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How AutoCheck Works


What You See

AutoCheck allows you to know as little or as much as you like about the history of a vehicle. Some of us are already so overwhelmed by the car-shopping process that we glance at the score in the blue box on the first page of the vehicle history report and call it good. Or bad, depending on the score.

A quick glance at the vehicle comparison is a good idea, too -- that is, if you can bear doing just a tad bit more. It'll give you a range of typical scores for vehicles like the one you're looking at, which will tell you if this car's score is good or bad. Say the vehicle that makes your heart go pitter-pat gets a lousy-ish score of 40. Under that pathetic number, it says "Similar Vehicles Score" and gives a range. Turns out, cars like the one you so strangely love usually rate even worse! Hurrah! The car you want to buy is the best of a sorry bunch! Congratulations.

On the other hand, if the vehicle scores an acceptable 75, but its automotive peers range from 85 to 95, your impending purchase may be wearing the equivalent of an automotive albatross. Sorry, but you're going to have to delve a bit deeper to find out what mechanical or structural curse is hampering your potential car. Or just move on to the next candidate.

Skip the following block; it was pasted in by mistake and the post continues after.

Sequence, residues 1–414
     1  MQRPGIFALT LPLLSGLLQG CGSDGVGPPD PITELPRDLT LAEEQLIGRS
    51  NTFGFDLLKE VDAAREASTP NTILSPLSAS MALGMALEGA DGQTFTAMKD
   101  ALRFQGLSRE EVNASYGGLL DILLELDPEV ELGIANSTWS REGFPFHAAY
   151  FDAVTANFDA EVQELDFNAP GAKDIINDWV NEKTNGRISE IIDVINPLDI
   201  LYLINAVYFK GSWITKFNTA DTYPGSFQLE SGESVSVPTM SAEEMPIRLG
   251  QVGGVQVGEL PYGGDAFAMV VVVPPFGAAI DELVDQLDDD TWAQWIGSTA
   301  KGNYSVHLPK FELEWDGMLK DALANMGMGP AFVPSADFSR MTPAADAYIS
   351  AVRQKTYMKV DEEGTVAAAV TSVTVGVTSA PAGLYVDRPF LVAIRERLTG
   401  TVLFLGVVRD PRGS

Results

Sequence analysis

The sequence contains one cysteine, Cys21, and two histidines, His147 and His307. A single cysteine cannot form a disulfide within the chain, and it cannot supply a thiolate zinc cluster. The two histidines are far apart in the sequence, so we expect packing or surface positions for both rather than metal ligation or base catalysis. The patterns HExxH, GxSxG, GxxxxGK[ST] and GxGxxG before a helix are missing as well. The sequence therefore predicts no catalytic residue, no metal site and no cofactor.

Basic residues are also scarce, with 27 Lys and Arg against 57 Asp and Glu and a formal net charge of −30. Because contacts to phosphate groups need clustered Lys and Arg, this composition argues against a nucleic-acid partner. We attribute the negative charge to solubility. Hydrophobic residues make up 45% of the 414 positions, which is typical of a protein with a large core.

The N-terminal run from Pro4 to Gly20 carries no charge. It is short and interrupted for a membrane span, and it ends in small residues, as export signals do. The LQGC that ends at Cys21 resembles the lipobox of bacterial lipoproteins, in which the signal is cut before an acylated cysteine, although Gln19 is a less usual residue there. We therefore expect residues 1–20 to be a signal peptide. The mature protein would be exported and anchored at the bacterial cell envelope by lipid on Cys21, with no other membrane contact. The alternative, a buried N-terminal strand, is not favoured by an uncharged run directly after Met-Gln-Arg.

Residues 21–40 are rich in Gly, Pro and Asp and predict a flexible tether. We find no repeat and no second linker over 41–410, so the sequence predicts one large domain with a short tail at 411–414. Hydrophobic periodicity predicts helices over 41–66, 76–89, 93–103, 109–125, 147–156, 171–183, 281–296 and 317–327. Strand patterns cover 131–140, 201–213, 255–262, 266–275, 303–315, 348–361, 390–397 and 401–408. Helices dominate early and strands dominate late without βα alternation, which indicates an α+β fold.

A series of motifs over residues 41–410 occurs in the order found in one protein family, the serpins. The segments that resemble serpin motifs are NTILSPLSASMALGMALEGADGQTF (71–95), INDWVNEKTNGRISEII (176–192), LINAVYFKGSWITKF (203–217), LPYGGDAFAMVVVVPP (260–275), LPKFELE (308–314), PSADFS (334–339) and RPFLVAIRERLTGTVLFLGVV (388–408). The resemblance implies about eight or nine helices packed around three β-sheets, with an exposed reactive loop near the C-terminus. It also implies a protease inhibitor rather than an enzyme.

Some of us are detail-oriented nerds who will stop at nothing, not even page after page of scores, to know everything possible about the vehicle we're considering. These people will see the summaries at the bottom of the first page of the report as insulting. Summaries! Who do they think you are? A clueless Kardashian? Drilling down into AutoCheck's information and scores, including the full history (or at least as full as AutoCheck can manage), will give you the most complete picture of where your dream used car stands. It'll even give you case numbers for accidents that were reported to the police.

With all this information, though, there's still an important piece missing: price. AutoCheck just doesn't get into that. It does, however, have partners like the NADA guide, Kelly Blue Book, Edmunds.com and Ebay Motors where there are more prices than you can shake a dipstick at.


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